The aim of this work was to determine the prevalence of flat foot among male Saudi Arabian army recruits and to identify the risk factors for flat foot in this group.


The study included all male army recruits attending the recruitment centre at Al-Hada Armed Forces Hospital, Taif, Saudi Arabia, during the period 1 January 2003 to 31 December 2003. Their ages ranged between 18–21 years.

All subjects were referred to the orthopaedic clinic at the same hospital. They were given a brief general medical examination and a short questionnaire to collect data about age, residence, past history of accidents (with ruptured ligaments and/or tendons in the feet) and usual footwear during childhood. Weight and height were measured to calculate body mass index (BMI). A detailed medical examination was made of the lower limbs by trained orthopaedic surgeons to record whether the participant had flat foot or not, and whether the flat foot was unilateral or bilateral and mobile or fixed (does not disappear when the feet are raised). For those with flat foot, the orthopaedic surgeon noted the follow-ing: whether flat foot was accompanied by symptoms or not, what was its condition (neutral, varus or valgum) and was it associated with other deformities (none, genu varum or genu valgum).

Planter footprints were done and classified according to Denis [12] into 3 grades: grade 1 in which the support of the lateral edge of the foot is half that of the metatarsal support; grade 2 in which the support of the central zone and forefoot are equal; and grade 3 in which the support in the central zone of the foot is greater than the width of the metatarsal support. Normal BMI was defined as < 25 kg/m2, overweight was 25–30 kg/m2 and obese was > 30 kg/m2.

All recruits with any degree of flat foot were considered cases. For each case, 3 age-matched controls were randomly enrolled from among the whole group of army recruits using SPSS software.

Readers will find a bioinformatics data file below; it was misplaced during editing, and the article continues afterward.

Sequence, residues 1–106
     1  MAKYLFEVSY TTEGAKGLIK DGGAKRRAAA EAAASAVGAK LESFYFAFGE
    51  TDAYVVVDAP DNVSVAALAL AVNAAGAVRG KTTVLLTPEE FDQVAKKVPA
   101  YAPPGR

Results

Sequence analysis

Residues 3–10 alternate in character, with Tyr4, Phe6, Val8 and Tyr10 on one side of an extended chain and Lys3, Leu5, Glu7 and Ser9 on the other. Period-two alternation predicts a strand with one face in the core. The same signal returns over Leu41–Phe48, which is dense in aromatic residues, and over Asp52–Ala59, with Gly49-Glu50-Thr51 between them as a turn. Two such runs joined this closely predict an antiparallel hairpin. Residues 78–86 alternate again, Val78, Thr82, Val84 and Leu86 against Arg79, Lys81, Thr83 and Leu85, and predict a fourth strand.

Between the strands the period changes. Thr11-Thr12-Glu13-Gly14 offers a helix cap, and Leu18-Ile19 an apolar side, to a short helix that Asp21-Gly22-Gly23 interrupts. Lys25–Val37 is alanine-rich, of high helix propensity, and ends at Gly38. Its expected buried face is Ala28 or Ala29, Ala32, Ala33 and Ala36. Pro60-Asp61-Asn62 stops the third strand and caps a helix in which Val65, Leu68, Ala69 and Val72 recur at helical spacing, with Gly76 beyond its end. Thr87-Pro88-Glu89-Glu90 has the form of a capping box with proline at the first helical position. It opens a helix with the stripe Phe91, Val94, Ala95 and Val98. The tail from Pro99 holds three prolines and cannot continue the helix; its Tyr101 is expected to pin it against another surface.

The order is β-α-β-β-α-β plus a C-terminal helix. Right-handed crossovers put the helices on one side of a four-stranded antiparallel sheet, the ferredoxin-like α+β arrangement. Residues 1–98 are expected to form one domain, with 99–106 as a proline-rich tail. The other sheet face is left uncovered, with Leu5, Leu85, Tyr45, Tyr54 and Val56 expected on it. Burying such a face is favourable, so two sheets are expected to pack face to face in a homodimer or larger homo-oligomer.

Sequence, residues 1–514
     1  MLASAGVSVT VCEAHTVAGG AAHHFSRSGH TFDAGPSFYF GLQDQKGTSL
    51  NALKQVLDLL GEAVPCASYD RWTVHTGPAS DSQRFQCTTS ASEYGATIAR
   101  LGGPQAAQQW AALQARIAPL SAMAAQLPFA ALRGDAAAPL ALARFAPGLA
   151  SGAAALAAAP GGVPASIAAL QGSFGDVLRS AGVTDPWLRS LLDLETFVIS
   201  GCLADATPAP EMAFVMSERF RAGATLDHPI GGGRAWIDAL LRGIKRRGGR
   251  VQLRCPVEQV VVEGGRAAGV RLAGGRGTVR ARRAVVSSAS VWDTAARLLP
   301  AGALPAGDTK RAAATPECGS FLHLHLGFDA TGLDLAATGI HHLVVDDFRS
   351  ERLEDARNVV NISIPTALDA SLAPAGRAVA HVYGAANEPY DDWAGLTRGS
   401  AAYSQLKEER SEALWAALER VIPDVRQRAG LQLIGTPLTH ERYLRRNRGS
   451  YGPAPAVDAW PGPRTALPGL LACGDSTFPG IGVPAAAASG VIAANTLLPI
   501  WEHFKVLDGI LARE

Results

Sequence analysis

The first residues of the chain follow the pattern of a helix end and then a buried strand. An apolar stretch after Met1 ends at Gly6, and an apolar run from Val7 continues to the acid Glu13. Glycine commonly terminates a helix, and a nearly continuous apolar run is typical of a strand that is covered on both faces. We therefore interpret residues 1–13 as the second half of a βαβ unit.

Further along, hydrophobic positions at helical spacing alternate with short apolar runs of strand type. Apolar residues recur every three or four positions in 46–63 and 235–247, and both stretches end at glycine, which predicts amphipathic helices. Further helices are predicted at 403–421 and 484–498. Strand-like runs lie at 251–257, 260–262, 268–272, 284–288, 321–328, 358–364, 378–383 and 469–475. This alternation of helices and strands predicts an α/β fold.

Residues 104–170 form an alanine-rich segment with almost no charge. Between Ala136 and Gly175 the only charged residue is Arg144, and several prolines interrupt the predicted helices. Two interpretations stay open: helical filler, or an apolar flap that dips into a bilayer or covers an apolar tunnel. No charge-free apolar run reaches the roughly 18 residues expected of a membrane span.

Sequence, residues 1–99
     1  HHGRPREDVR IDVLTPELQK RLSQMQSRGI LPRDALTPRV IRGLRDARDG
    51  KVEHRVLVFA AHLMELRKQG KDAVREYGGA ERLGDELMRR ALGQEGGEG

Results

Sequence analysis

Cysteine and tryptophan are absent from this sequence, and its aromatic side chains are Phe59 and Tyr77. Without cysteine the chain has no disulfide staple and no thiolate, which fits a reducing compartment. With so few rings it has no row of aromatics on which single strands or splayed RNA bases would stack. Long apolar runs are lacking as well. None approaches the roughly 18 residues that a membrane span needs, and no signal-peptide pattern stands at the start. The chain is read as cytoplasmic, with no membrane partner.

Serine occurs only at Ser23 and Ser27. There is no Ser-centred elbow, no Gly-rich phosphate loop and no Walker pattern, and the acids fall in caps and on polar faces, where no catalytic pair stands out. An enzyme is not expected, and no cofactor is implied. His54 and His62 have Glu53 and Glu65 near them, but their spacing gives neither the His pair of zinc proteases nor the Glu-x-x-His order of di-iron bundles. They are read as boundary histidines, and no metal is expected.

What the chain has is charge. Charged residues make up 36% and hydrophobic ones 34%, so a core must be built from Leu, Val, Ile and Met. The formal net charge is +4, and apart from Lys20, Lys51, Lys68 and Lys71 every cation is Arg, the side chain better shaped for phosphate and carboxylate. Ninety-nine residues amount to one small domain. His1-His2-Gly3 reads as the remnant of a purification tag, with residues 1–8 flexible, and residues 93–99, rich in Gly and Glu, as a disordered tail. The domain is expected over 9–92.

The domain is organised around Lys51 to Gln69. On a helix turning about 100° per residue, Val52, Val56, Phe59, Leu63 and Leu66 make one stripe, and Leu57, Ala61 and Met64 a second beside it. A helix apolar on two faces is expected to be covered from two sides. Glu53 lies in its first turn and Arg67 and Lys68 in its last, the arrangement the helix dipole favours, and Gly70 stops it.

Sample size estimation

Since there is no previous study determi-ning the prevalence of flat foot in this country, the rate was estimated from a pilot sample (n = 570) to be 4.7%. The number of subjects required for this study was estimated to be 1722 individuals to give the true population proportion of flat foot with 95% confidence intervals (CI) and 2% margin of error. It was estimated that recruiting all the men in a 1-year period was sufficient to recruit more than the required sample size.

Statistical analysis

Analysis was initially carried out based on a series of univariate comparisons. In order to control simultaneously for the possible confounding effect of the variables, a multiple logistic regression analysis with stepwise variable selection was utilized for the final analysis [13]. Thus, in both univariate and multivariate analyses, the association between exposures and outcomes was expressed as odds ratio (OR) with 95% CI. When the 95% CI include the null value of 1, no statistically significant difference (at the 5% level) is present. In the final analysis, odds ratios were controlled for all the variables retained in the model.


This study included 2100 military recruits, with a mean age 19.3 years (standard deviation 0.8 years). Among them, flat foot was diagnosed in 104 recruits (5.0%).

A total of 104 military recruits with flat foot and 412 without flat foot were included in the case–control study of risk factors (Table 1). Most of them were from rural regions of Saudi Arabia (75% and 85% of cases and controls respectively). Obesity was reported among 5.8% of cases compared with only 2.2% among controls.

The clinical characteristics of flat foot cases are shown in Table 2. Flat foot was bilateral in 75.0% of cases, mobile and with neutral heel in nearly all cases (99.0%) and moderate or severe degree in the great majority of cases (37.5% and 45.2% respectively). Flat foot was asymptomatic in all studied cases and no accompanying symptoms, such as metatarsalalgia or disfigurement, were reported. It was associated with deformities in the knee joint in nearly one-fifth of cases (20.2%) and congenital defects in only 2 cases (1.9%). No history of congenital deformities of lower limbs was recorded in any case or control men.